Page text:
Chapter 10 of 17 from Mira Nair

Scene Workshop, Part 3: Final Take


In Part 3 of Mira’s scene workshop, Mira breaks down how actors Philip Luswata and Madina Nalwanga work with Mira’s direction to enhance their performances.

Topics include: Scene Workshop, Part 3: Final Take

In Part 3 of Mira’s scene workshop, Mira breaks down how actors Philip Luswata and Madina Nalwanga work with Mira’s direction to enhance their performances.

Topics include: Scene Workshop, Part 3: Final Take

Mira Nair

Mira Nair Teaches Independent Filmmaking

The Oscar-nominated director teaches her methods for directing powerful performances, maximizing budgets, and bringing authentic stories to life.

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Harness the power of your roots

Oscar-nominated filmmaker Mira Nair approaches directing with the “heart of a poet and the skin of an elephant”—spurred on by rejection and fighting to bring uncompromising stories to film. In the Golden Lion-winning director’s MasterClass, learn to make a big impact on a small budget, evoke the best from actors and non-actors, and protect your creative vision so you tell the story that can only come from you.

In her first-ever online class, Mira Nair teaches you to find the strength in your unique story and draw the best from your budget and creative vision.

A downloadable workbook accompanies the class with lesson recaps and supplemental materials.

Upload videos to get feedback from the class. Mira will also critique select student work.


Students give MasterClass an average rating of 4.7 out of 5 stars.

As an aspiring Independent Film Maker, this course delivered brilliantly by Mira Nair helps me be grounded and prepared for what awaits me on my film making journey. Embracing the opportunities and working with the challenges to tell 'Your Story'.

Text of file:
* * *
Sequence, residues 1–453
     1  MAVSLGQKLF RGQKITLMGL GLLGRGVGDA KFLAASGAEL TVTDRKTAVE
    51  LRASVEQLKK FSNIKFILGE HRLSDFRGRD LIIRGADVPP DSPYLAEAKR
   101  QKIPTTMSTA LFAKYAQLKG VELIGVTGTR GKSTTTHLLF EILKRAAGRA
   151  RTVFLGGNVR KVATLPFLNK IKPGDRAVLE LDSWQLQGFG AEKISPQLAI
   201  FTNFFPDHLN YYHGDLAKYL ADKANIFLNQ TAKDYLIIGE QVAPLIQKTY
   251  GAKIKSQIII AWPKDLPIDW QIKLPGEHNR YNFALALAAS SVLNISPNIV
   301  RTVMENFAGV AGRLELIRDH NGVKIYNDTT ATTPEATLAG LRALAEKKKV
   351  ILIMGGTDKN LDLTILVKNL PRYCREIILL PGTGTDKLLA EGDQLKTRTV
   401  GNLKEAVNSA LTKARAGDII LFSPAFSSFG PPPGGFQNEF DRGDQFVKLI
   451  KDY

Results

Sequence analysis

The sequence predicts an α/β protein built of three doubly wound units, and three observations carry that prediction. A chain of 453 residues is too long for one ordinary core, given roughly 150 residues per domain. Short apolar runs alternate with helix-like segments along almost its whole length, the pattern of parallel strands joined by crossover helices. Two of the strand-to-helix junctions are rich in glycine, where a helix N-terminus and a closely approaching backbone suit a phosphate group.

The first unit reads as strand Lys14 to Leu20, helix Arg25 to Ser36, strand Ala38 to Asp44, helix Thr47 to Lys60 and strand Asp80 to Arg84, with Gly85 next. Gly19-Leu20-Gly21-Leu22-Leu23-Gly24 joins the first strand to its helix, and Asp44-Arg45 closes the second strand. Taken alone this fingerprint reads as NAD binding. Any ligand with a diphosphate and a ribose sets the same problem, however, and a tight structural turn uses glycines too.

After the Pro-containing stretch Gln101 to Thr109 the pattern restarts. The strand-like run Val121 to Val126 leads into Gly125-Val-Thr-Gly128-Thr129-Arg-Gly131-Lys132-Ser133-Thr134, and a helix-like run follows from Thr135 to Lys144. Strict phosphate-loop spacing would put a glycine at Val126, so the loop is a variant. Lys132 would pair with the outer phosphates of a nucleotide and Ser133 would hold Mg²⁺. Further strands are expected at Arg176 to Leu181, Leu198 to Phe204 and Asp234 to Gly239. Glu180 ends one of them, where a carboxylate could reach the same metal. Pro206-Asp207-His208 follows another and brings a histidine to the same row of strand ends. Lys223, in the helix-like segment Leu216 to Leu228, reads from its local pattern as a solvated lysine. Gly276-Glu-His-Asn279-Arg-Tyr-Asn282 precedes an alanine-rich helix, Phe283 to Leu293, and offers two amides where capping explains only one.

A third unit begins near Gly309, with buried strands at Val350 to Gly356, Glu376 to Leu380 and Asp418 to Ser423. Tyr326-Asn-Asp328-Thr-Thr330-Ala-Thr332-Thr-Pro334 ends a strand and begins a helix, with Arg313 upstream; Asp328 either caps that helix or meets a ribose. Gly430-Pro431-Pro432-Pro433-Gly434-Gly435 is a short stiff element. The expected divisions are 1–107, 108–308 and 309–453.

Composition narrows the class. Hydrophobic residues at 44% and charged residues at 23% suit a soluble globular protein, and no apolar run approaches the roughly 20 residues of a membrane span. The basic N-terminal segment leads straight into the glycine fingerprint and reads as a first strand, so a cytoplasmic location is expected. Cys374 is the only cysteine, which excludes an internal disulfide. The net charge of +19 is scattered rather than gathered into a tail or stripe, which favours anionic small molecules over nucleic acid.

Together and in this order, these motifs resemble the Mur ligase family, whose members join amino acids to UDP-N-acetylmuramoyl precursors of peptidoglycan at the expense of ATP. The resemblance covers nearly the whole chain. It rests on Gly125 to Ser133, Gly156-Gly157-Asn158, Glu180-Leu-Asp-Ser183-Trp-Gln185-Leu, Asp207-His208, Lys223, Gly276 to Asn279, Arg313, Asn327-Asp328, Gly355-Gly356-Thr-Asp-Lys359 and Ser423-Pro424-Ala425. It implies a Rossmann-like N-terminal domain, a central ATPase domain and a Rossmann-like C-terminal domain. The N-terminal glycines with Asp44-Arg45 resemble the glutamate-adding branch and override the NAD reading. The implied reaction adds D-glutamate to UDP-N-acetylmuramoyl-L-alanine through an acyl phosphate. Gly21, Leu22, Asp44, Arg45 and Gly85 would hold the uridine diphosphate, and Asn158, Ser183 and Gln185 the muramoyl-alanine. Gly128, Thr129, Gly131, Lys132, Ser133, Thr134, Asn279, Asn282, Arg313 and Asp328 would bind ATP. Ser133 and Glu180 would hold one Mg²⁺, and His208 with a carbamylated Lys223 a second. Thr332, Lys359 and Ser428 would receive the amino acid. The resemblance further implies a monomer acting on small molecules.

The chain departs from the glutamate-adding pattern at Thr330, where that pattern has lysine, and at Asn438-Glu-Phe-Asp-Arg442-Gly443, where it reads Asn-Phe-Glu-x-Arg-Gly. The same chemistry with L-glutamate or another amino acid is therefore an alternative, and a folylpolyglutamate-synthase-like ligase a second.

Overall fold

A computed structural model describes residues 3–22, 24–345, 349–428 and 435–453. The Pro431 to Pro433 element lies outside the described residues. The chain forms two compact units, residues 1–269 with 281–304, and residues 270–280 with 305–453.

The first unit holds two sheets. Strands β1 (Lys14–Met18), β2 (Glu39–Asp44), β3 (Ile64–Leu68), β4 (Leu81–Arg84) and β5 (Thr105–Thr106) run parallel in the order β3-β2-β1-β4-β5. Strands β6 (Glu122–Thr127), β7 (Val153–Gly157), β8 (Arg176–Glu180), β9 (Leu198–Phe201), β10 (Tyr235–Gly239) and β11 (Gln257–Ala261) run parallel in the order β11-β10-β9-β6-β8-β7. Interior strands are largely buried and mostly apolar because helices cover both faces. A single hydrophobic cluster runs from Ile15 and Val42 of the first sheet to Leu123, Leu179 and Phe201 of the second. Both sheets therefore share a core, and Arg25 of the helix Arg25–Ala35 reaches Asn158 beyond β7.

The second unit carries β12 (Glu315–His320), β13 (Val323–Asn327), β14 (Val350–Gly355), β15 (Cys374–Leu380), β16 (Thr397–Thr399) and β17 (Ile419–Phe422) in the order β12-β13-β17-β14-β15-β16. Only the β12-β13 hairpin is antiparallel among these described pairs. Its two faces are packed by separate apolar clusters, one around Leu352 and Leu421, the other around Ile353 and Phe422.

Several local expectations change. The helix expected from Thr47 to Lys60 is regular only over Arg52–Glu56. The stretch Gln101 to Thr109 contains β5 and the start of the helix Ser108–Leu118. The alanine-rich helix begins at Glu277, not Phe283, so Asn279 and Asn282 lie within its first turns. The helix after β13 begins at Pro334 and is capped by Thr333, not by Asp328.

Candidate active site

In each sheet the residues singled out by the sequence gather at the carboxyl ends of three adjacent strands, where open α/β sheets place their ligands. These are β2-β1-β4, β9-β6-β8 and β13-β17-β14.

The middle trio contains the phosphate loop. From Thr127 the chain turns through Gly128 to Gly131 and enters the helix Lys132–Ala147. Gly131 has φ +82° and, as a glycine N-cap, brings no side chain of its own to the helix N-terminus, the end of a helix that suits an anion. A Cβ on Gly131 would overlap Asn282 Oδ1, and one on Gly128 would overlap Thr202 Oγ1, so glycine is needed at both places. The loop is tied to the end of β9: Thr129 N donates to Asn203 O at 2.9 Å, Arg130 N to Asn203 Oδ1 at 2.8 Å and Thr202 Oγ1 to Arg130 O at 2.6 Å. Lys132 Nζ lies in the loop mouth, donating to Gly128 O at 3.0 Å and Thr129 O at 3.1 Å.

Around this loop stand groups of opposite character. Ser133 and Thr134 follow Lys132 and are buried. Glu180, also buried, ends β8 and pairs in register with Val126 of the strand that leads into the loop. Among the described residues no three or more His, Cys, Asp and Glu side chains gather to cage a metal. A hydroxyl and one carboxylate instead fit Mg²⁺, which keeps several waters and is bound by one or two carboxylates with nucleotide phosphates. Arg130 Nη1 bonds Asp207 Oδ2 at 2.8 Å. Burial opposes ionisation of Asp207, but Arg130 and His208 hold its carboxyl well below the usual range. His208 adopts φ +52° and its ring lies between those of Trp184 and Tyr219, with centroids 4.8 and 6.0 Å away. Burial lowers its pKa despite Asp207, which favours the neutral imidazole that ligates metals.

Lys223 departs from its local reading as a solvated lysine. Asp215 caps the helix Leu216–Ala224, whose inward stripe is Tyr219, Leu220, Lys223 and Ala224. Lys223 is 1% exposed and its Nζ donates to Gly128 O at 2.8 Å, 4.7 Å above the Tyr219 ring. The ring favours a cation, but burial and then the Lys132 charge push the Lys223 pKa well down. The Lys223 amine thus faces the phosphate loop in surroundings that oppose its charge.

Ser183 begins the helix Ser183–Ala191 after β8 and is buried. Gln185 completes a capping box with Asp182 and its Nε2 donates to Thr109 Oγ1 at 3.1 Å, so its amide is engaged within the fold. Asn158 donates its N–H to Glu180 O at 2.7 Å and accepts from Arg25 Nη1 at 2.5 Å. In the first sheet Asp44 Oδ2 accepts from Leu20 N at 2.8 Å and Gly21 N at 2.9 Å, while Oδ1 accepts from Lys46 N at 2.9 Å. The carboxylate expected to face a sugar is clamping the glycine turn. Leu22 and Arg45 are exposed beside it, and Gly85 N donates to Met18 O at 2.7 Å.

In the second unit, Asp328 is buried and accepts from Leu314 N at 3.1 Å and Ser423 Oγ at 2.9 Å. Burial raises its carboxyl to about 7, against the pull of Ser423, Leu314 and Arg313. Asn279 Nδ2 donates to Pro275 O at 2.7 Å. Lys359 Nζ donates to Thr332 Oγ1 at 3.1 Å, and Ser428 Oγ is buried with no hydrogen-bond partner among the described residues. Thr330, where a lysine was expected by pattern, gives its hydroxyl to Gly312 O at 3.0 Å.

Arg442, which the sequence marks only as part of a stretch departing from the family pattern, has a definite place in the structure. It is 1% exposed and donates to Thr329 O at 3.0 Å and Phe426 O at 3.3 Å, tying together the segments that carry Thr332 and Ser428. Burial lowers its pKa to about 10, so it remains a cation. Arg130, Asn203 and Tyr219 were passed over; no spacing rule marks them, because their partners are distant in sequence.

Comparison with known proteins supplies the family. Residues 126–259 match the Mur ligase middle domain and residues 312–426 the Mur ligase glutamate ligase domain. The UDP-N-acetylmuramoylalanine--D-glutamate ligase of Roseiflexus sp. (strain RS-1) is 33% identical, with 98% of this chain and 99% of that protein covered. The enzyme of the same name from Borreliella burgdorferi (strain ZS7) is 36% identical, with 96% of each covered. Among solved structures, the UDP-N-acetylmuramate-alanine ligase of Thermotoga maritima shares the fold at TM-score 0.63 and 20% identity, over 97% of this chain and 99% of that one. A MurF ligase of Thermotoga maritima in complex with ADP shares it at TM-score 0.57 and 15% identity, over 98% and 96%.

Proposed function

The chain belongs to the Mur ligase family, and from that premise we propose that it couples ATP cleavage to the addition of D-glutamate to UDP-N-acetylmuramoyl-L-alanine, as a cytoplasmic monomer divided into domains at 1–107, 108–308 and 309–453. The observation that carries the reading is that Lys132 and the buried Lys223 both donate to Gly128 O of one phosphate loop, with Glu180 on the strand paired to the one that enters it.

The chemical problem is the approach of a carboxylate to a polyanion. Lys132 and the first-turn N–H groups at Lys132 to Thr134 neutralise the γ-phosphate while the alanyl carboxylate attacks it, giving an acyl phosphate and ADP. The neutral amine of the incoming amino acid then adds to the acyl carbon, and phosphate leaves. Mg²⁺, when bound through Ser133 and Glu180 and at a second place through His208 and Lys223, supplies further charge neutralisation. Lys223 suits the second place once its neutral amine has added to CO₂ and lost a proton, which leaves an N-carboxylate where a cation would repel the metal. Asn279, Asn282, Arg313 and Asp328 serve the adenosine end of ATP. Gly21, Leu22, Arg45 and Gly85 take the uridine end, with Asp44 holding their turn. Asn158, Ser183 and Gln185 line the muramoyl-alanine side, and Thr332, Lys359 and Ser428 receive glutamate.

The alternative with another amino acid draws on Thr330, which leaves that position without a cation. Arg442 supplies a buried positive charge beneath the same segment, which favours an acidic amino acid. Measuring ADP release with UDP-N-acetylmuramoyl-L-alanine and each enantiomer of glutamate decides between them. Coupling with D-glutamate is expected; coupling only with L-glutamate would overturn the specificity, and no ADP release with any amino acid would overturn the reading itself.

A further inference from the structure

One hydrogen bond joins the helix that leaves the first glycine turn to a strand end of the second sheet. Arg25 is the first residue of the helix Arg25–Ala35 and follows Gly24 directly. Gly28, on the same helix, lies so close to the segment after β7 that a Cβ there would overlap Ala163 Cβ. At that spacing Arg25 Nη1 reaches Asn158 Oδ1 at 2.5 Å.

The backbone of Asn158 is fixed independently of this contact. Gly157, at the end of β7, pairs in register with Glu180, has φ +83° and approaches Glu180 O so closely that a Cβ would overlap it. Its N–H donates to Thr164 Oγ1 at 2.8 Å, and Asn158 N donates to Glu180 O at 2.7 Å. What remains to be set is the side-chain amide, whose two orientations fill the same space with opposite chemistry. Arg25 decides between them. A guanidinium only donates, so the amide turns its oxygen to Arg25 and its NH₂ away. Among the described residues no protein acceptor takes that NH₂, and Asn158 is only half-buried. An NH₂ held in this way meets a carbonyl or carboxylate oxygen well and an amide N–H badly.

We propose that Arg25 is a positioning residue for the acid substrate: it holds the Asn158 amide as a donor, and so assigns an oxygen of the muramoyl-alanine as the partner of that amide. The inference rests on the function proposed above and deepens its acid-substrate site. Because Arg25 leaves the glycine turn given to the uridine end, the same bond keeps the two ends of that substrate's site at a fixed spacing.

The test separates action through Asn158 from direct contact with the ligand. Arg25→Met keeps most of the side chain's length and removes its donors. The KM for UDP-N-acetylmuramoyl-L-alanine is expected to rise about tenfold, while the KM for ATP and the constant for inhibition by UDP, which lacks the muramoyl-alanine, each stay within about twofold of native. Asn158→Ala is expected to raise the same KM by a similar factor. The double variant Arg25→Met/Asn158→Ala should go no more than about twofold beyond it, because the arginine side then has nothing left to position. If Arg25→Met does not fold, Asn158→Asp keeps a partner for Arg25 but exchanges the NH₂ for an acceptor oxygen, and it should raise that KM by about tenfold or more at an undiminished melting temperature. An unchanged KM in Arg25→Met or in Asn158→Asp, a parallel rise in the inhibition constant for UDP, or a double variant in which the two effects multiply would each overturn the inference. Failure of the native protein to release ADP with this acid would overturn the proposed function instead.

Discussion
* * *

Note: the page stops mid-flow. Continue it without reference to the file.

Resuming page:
It was nice learning from an Asian filmmaker which I could relate to.

Thank you for this class! I love and admire Mira Nair's films but never thought, I can get close to her and her thoughts through a medium like masterclass. The gleam in her eyes talks a lot about her passion for making films and inspires to me to do so too! Her thoughts and pep-talk in concluding video was the best! Thank you once again!!

How some directors had magically pulled out great performances from child actors had been a mystery to me. Mira Nair is really illuminating.


Ify M.

Wow...Madina finally let go. This shows me that: 1) Directing needs a lot of patience. 2) You love your actors to getting results by tapping into the truth of the emotion being demonstrated. Thank you Mira...these practical lessons are wrh more than a thousand words.

Constance A.

Awesome! The way Mira was able to bring that emotion out of the actor..It was great! kudos' to the actress as well!

Karmen B.

Wonderful directing, Mira. Thank you for this opportunity to witness your work first hand.

Andrew Kyle B.

What Ron Howard's class did for blocking and shooting, Mira Nair's class has done for working with actors and direction. Truly incredible.


That was great to see how Mira got her to get to the point where she needed to be.

Arun V.

That SCREAMING exercise...!! I think she can make anyone act or may be I should say BE the character...

Maros M.

I really liked to see the relentless persistence of Mira, showing that director should lead the way, not be shy about what they want and push through until it is reached at same time being sensitive about it with actors. Thank you for this lesson. I also like the screaming exercise which clearly shows how to unlock the emotions, get Adrenalin and heartbeat up and kick off the real emotions into the scene.